Sunday, September 11, 2005


Reality is their Boojum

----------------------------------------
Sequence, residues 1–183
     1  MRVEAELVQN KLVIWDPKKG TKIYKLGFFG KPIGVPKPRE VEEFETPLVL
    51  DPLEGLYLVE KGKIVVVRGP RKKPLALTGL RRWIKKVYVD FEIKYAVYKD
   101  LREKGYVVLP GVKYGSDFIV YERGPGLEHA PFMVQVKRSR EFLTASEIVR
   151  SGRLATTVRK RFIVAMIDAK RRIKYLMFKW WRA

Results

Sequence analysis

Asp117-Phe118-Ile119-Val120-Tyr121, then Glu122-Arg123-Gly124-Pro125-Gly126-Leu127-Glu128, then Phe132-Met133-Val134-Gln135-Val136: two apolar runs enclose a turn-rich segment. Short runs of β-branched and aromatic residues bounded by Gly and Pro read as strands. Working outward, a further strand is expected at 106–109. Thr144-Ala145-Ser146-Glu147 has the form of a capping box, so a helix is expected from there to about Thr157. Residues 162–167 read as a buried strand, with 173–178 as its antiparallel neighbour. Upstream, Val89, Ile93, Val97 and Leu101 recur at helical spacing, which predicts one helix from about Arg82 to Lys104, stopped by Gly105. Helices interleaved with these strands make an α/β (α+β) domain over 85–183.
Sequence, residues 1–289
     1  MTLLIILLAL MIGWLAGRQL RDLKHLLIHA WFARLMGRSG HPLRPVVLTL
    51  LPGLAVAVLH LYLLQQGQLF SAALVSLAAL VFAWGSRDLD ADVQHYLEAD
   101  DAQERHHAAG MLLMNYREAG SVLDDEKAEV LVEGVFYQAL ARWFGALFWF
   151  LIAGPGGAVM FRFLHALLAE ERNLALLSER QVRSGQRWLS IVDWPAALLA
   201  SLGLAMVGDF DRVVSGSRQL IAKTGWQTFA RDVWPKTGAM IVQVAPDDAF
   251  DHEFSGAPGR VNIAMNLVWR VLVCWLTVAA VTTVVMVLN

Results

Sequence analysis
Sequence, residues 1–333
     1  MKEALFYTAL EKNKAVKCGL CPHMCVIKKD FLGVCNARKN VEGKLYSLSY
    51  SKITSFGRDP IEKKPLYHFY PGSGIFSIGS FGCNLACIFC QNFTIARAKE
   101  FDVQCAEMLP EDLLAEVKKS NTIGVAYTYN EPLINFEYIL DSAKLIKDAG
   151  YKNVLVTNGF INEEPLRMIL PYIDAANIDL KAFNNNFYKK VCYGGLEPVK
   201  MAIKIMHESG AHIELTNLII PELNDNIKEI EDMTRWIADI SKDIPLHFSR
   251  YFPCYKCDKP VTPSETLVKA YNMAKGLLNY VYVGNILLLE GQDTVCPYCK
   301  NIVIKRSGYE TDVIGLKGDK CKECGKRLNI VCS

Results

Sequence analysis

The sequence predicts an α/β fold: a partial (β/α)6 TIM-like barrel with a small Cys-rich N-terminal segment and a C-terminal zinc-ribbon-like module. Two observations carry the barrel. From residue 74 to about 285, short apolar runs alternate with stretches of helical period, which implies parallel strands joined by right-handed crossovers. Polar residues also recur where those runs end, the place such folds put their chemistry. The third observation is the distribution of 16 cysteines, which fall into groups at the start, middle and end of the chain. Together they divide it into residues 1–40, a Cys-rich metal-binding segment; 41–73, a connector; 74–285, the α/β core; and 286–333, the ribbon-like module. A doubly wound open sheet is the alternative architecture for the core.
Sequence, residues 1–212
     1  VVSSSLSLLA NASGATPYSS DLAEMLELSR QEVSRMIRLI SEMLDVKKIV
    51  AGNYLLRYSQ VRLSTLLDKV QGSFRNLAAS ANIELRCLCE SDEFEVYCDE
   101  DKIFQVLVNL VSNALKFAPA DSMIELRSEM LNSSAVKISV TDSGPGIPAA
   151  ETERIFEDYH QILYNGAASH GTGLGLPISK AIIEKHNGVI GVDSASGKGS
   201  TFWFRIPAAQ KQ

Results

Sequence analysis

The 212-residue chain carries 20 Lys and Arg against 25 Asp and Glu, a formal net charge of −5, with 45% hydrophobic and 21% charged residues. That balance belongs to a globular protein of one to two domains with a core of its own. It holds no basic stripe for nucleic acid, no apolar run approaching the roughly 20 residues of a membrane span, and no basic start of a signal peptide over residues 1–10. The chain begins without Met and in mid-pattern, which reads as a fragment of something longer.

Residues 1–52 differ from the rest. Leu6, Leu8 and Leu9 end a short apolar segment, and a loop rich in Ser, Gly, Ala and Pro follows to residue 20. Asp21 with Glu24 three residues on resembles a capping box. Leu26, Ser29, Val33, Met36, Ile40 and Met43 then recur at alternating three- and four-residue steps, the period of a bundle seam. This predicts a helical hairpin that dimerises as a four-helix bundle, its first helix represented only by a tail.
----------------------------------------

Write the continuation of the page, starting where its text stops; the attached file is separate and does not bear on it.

If you don't know what a Boojum is, check here The right-wing exists because its members are embarrassingly, howlingly ignorant, and when not ignorant, willing to tell any lie. I rarely take off after the lower-level Republican sheep, figuring it's a waste of time. But sometimes they throw their total ignorance in one's face. Sometimes, the smell of manure positively inspires one. Such was the case with a post on Protein Wisdom by Jeff Goldstein criticizing an article by Newsweek. In the anticipation that he will re-write history in attempting to refuse to acknowledge his mistakes, much like a certain notorious law professor, I have preserved a copy. The worst paragraph follows. Goldstein presents Newsweek as saying: We know that Bush watches ESPN. We know that the Iraq War is a failure. We know that the President surrounds himself with yes men. And all these things—when coupled with his “failure of imagination” (a more “imaginative” President presumably would have shredded the Constitution and dropped active duty troops into New Orleans over the objections of a sitting governor (and would’ve done so on Tuesday, as the levees were breaking—in effect, anticipating what the local government was unable both to anticipate and prepare for)—highlight Bush’s failure. Did it slip by you? The levees broke Monday morning. There's another piece of gross ignorance implicit in this. The Constitution does not forbid the sending in of troops. George Bush's father did so in the 1992 LA riots. Well, but the governor agreed with the decision. So, people who know history immediately think of President Eisenhower, who sent troops in when governors did not agree. Repeatedly. I can only assume that Mr. Goldstein is the product of inferior private schools. As are sheep-like posters on his website, who think this sort of gross historical ignorance is actually brilliance. The rest of the paragraph is just dishonest rhetoric: * Does the president surround himself with yes men? The actual charge by former Treasury secretary Paul O'Neill is far worse: At cabinet meetings, he says the president was "like a blind man in a roomful of deaf people. There is no discernible connection," forcing top officials to act "on little more than hunches about what the president might think." * Does Newsweek criticize Bush for watching ESPN? Of course not. Almost anyone with cable watches ESPN. What they point out is that Bush has often boasted of how he ignores the news. For example, he said that no one anticipated that the levees would break. Of course, anyone who watched the news knew that this was precisely the fear that everyone had as soon as they saw that Katrina would make landfall near New Orleans. * What does Newsweek say about Iraq? "The war in Iraq was a failure of intelligence." What, exactly, is controversial about this? Every governmental body that has looked at the Iraq war has said exactly the same thing. There are more examples of gross historical ignorance and many more examples of a tendency to distort and otherwise dishonestly present the situation. Almost everything Goldstein says about Nagin and Blanco is a lie. But the time I have for this analysis has elapsed. The sort of people who write and celebrate this sort of junk represent a lost generation, a generation that has learned to love the lie. Nothing short of a national catastrophe on the scale of the Great Depression will shock them out of it. Reality is their Boojum, you see.